In F-rated Netflix comedy “Ibiza,” best friends Harper (Gillian Jacobs), Nikki (Vanessa Bayer) and Leah (Phoebe Robinson) have ditched Manhattan for a wild weekend in Spain where they’ll be welcomed with the 10 words every girl wants to hear: “Please serve yourself with food, drinks, and eye-opening sexual experiences.” That greeting is courtesy of wealthy mansion-owner Hernando (Jordi Mollà), one of a soccer-team’s worth of suitors vying to take the Americans to bed. Men come and go with a breezy freedom, not the manifest destiny of ordinary romantic comedies. Except for Harper’s laser-focus on a Scottish DJ named Leo (Richard Madden, with a crinkled forehead and sensitive swoop of hair) who inspires her to re-route their vacation from Barcelona to eponymous party island, where she hopes to make stoned eyes at him across a nightclub as the EDM beat pumps like her heart.
“Some people land on the moon, others cure diseases, you smash this DJ,” cheers Robinson. The ladies are down for this low-stakes adventure, and low-expectancy audiences won’t hate tagging along. “Ibiza” is a junk-food movie, the equivalent of empanadas and ranch dressing — which, yes, the ladies do order while intoxicated. Loose-kneed, sloppy, and powered by charisma, this hangout flick doesn’t just embrace gross-out girl comedy cliches, it sticks Jacobs in the air roof of a limousine screaming, “Whooo! I am a total cliché right now and I don’t f–king care!”
Director Alex Richanbach and writer Lauryn Kahn have partnered before on comedy sketches for Funny or Die. Their first feature feels delighted to take up more space than the plot deserves — in terms of narrative complexity, “Ibiza” makes “Girls Trip” look like “Inception” — yet, the audience gets a contact high watching the script take literally random detours, linger over rave sequences, and rank the topless breasts at the beach into absurdist categories like “Rihanna” and “Daniel Craig.” Meanwhile, the three comedians babble a stream of “yaaaas queens,” nervous voicemails, and half-muttered jokes, most of which work. Bayer in particular has a charming way of letting her thoughts float away like vapor, while Robinson’s one-liners verge on surreal. (On old European men in Speedos, Robinson squeals, “It’s vintage!”)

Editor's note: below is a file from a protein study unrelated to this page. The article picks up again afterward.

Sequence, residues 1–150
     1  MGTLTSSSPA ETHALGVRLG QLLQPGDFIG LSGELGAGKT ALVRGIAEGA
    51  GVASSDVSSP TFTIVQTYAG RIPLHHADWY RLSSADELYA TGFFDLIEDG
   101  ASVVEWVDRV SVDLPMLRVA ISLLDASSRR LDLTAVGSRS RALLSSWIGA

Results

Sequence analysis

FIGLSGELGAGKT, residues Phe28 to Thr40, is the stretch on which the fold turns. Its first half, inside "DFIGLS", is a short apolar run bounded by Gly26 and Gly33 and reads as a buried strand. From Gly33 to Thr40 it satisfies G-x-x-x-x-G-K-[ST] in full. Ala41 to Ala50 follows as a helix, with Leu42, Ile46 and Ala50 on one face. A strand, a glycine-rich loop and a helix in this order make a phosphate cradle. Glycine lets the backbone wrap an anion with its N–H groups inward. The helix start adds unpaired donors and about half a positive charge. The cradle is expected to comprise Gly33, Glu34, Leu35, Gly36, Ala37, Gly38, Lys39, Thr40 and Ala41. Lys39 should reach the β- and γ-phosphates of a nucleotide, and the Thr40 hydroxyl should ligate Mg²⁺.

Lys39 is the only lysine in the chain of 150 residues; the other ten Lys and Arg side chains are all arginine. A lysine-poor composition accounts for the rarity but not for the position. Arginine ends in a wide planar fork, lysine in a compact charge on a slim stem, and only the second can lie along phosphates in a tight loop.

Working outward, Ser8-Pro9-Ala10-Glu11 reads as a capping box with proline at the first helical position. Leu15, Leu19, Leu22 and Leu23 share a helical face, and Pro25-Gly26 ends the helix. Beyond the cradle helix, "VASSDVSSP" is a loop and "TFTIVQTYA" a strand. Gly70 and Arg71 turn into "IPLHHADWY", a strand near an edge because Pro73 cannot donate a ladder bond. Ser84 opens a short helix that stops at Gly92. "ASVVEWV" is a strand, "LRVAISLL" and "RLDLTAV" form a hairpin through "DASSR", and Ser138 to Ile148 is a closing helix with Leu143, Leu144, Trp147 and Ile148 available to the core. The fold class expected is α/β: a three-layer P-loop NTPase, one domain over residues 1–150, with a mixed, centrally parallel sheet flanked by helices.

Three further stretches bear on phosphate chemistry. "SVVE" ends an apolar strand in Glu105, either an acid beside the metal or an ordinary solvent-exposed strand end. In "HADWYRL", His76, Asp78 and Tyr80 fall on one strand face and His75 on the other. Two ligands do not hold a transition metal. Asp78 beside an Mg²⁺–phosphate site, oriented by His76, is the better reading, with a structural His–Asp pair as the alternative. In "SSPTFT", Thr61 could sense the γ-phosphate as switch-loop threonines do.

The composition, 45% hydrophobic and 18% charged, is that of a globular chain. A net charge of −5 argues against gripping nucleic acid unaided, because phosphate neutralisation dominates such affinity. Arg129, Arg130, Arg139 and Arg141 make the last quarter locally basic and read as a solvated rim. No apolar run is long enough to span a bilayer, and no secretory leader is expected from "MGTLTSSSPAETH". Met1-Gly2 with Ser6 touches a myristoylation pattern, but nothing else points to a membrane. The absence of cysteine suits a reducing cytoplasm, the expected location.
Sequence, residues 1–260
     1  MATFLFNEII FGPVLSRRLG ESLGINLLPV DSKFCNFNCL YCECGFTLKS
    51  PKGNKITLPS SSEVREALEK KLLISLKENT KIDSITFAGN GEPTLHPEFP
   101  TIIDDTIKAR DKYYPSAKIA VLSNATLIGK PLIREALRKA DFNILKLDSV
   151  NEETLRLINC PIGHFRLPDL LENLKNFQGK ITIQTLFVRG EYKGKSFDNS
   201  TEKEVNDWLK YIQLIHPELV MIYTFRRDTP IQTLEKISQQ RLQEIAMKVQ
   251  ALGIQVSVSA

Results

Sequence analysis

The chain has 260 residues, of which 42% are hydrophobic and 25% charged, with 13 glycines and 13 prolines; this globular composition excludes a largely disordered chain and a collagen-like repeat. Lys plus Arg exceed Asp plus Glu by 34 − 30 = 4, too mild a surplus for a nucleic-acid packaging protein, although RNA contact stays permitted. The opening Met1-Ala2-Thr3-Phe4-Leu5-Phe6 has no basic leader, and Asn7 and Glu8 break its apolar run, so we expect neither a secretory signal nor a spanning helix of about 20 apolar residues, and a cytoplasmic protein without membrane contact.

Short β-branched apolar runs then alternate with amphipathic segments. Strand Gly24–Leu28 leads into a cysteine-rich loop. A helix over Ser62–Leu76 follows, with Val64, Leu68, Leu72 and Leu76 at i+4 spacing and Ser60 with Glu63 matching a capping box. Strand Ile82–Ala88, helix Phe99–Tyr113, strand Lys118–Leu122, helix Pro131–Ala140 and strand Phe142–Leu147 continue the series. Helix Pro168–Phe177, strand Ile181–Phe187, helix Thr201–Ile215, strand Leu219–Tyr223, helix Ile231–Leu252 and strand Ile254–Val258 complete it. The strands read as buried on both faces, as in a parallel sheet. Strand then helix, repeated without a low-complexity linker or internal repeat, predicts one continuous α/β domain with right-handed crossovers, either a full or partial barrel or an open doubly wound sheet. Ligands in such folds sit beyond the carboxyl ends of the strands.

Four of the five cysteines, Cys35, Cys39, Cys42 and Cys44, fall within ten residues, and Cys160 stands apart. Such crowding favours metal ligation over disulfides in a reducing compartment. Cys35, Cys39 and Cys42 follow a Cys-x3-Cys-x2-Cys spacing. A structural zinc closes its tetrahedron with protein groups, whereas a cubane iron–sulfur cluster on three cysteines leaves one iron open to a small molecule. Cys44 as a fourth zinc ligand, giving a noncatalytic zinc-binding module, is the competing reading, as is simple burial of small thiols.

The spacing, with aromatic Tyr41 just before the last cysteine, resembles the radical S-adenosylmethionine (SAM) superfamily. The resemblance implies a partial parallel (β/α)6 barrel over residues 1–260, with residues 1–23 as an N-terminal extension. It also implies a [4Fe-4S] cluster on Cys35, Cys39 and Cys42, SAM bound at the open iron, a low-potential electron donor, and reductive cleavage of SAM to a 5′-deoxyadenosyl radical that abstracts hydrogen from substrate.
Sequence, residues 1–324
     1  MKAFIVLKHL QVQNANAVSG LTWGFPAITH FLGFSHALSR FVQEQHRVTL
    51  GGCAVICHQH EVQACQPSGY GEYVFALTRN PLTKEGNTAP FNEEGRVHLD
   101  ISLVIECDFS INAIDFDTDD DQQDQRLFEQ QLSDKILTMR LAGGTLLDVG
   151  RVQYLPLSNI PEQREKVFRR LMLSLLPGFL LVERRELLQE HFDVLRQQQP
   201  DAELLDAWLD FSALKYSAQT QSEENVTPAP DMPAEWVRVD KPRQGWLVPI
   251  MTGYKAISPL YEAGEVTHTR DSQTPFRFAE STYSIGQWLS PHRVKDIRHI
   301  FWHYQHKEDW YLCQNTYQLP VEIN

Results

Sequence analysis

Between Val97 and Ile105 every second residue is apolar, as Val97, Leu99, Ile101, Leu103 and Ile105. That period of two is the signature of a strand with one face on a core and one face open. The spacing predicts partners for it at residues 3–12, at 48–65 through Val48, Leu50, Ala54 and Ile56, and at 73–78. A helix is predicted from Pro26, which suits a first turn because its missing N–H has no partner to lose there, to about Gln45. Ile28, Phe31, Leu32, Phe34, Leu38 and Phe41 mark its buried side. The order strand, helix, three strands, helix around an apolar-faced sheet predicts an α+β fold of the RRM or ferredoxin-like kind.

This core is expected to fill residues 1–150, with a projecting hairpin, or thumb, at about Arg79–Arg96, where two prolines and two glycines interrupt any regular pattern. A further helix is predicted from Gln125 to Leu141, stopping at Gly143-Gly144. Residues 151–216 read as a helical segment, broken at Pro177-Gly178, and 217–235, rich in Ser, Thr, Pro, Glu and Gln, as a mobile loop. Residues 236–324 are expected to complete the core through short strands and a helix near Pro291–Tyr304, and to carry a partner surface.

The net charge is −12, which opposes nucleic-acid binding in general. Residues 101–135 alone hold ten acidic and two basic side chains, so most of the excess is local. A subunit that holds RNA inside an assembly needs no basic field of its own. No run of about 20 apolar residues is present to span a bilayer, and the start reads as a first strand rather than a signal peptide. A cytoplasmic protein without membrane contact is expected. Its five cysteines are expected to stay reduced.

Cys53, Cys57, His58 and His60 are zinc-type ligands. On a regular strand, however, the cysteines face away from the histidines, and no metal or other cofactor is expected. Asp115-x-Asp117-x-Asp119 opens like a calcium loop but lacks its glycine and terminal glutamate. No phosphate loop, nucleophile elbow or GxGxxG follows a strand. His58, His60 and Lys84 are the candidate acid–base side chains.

Of the three heroines, Jacobs’ Harper has what passes for a character arc. Back home, where the film opens to the wearisome needle-drop of “New York, New York,” she’s a low-tier publicist hemmed in by subway man-spreaders and a loathsome boss (Michaela Watkins). Even her friends Nikki and Leah push her around, inviting themselves on her quick work trip to land a Spanish client who wants to flog his sangria. Perhaps abroad Harper can discover her inner club goddess. But before that can happen, the film launches into existence with the enthusiasm of someone forcing you to watch their travelogue. There’s shots, sunburns, and selfies, plus airport Cinnabons, weed-dealing taxis, and a drawn-out bit where Nikki and Leah download a black-light app to check the cleanliness of their hotel room and wind up shrieking in a corner.
All of those gags add up to less than Bayer mispronouncing the word “yacht” (hers sounds like “yack-tuh”). “Ibiza” is the “Saturday Night Live” veteran’s proof that she can carry her own comedy. She continually rescues this one from edge of restlessness, while relative newcomer Robinson, co-host of the hit podcast “2 Dope Queens,” flexes her own muscles. Though Jacobs is saddled with the film’s emotional storyline, which it, too, seems impatient to get through, down to an ending that caps the film off with a sarcastic snort at its own big revelations, she’s a gifted performer. Here, some of her best moments are non-verbal: her giant eyes under the disco lights, her crooked grin when the DJ drags her backstage, and a casual glimpse of Harper high on hashish winking at the moon. In those shots, “Ibiza” exists without irony, a feat for a film that thrives on self-mocking awkwardness. “We’re dancing on the table and stuff!” hoots Bayer, “I totally get it now!” Fine, they win. Raise a glass.